Most Millennials Say They'd Move For Wife's Job

Generation Y more comfortable with sharing the career spotlight

Couple with Camper Van
Getty Images
By Rob Wile

If you'd like to see generational attitudes shift in real time, check this out: Just 59% of baby boomers say they'd support moving if a female spouse got a new job, according to a recent survey from moving company Mayflower. Compare that with 72% of millennials.

"Pre-boomers," or those aged 65 and older, were the least likely to relocate, with just 37% saying they'd move for their wife's job.

Of course, older folks are more settled, but Fred Medway, a professor of psychology at the University of South Carolina who studies family relocation, said in a Mayflower release the generational change is real.

"As women continue to rise in the workforce, there appears to be a corresponding impact on family dynamics," he said. "Millennials tend to have fewer preconceived notions about the breadwinning role and are more comfortable sharing the career spotlight."

Mayflower pointed us to Katy Michael, 34, who'd been working at a public relations agency in St. Louis. Two years ago, she was approached by Crocs to serve as their vice president of global communications in Boulder, Colorado. She and her boyfriend still lived apart, but when he heard the news about her new job, he agreed to move with her. He found a job and proposed soon after they arrived in their new city.

"We could have tried long distance," Michael told Business Insider, "but I think it came down to - we'd be most successful as a potential family by being in the same location." The couple now has two children, with one from Michael's previous marriage.

Here's some more data from Mayflower's survey of 1,000 individuals. Millennials were defined as anyone aged 18-34, and Boomers as those 50-64.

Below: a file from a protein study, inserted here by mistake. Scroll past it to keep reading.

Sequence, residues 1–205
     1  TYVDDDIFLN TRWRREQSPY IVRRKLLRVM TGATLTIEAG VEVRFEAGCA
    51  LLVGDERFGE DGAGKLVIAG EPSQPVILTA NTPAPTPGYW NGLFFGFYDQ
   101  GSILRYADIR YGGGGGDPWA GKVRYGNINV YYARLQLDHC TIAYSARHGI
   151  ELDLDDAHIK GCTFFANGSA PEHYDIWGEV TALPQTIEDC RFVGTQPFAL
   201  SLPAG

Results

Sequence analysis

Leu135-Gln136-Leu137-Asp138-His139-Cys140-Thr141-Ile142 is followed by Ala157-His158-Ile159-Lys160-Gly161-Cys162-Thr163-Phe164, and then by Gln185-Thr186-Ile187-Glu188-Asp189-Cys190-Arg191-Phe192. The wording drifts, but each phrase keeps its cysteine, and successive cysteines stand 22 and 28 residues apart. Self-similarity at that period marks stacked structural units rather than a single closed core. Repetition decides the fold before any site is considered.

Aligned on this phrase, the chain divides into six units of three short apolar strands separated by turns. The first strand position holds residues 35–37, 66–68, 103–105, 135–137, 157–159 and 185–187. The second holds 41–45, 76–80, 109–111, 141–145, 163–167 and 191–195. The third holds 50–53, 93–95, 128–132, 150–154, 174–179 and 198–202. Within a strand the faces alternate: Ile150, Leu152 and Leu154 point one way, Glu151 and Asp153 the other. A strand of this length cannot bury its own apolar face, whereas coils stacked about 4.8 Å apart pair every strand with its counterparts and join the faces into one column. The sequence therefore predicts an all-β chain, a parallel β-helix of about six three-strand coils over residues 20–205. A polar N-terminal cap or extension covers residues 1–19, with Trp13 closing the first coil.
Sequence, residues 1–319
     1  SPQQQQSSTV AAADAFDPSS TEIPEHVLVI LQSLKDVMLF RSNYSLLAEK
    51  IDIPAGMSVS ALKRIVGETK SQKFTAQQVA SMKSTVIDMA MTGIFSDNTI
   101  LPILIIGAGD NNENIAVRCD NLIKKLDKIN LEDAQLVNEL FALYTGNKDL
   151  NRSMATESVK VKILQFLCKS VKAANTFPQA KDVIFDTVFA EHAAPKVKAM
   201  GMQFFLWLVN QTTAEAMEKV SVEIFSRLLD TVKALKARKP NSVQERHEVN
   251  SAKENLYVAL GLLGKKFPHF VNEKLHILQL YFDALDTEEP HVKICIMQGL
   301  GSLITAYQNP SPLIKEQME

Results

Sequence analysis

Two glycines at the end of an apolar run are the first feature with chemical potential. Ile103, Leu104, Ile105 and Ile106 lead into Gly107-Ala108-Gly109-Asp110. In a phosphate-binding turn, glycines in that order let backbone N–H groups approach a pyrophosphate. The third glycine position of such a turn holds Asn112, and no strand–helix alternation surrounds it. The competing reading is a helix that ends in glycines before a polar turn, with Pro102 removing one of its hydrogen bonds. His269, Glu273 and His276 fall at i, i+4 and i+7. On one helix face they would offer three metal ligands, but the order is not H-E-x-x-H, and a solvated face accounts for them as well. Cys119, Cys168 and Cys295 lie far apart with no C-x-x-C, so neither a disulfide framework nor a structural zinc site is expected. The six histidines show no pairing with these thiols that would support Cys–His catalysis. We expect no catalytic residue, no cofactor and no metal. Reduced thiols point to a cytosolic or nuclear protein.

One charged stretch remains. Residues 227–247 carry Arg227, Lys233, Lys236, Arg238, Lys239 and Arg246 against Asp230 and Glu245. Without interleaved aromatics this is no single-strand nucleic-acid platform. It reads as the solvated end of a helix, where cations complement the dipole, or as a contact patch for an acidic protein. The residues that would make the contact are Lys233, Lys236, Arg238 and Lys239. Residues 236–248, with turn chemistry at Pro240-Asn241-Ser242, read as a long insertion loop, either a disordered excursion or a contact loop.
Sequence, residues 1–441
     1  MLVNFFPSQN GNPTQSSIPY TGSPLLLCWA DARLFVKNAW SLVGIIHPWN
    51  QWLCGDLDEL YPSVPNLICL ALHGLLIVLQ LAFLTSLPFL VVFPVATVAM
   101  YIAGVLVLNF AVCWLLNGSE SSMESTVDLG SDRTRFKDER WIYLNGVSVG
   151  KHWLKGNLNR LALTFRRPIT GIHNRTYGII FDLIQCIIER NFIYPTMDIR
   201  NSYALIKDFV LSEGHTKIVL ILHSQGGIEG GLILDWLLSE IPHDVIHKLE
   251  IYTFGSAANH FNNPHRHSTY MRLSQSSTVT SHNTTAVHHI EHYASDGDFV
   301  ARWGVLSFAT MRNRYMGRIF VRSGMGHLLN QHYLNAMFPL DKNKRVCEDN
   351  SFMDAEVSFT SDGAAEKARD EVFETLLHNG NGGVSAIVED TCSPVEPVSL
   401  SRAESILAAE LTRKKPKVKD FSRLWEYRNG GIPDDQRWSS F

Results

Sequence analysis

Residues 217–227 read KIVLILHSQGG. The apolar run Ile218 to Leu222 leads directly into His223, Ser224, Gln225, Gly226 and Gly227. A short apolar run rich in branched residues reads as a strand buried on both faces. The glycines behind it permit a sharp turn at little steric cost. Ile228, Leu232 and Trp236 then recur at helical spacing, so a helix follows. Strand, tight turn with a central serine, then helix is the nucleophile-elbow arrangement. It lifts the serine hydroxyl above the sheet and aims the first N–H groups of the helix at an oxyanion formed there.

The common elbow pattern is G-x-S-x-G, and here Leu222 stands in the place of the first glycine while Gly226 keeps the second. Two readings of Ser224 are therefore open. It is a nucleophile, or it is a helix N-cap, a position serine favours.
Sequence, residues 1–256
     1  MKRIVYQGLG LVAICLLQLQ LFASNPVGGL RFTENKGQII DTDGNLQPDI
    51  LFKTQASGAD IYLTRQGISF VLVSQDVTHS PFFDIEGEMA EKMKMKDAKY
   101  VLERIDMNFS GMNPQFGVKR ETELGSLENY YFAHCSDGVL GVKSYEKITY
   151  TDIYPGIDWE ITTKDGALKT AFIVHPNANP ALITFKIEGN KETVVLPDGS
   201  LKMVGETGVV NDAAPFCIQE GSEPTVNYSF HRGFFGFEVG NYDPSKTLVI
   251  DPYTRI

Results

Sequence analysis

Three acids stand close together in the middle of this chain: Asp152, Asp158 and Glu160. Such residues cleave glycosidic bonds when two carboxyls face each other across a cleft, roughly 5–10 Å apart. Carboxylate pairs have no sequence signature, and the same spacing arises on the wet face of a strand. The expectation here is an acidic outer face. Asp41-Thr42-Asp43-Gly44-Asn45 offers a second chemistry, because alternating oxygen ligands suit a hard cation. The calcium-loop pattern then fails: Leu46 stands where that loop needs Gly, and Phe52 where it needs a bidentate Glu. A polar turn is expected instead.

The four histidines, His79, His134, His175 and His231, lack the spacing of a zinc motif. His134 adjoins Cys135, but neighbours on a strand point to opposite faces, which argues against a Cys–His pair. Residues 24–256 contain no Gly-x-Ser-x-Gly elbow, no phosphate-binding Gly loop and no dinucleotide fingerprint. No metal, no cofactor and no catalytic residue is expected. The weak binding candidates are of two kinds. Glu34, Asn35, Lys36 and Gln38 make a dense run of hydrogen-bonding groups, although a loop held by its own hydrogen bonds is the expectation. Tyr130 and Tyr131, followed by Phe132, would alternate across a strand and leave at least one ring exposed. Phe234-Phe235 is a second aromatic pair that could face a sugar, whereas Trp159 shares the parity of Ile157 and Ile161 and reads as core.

• 47% of Americans say they know someone who has recently moved for their wife's job.
  • 58% of respondents said they'd be supportive of moving for their mom or wife's job.
  • In households where the wife is the primary earner, 70% of individuals said they would be supportive of moving for the wife's job, compared to 55% of households where the husband is the primary earner.
  • 55% of female respondents said they'd be willing to move their family for their career.
  • 53% of millennials anticipate moving in the next year, compared to 28% of Gen Xers, 20% of Boomers, and 14% of pre-Boomers.
  • Of women in a committed relationship, 40% earned the same or more than their spouse.
  • In more than one in five (22%) households (married or living with a partner) women are the primary earners.

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roseyoungstewart

Type your comment hereIn 1979 My intended and I drove from Boston Ma to St. Louis, Mo where he had got a job and an apt that was close to his job so he could walk there in less than 10 minutes. We eventually married and moved into our own home that we bought in 1989 In the State of illinois. He got very sick, disabled, dialysis, frequent hospital stays, and he died in 1998. I stayed around 5 years and moved back to the boston area by myself.. We never had kids of our own although he had adult "kids" from a former marriage. He is buried in a Military Cemetery in the St. louis Missouri area. I know I will never go back to Missouri. Too hot, too humid and all his relatives there are dead except for the newer generation who i do not know. It may have been all different if we were much younger when we made the move but he was 58 and I was 38 when we left Boston. Would I do it over again? No. not at that age.

May 20 2014 at 2:51 PM Report abuse rate up rate down Reply

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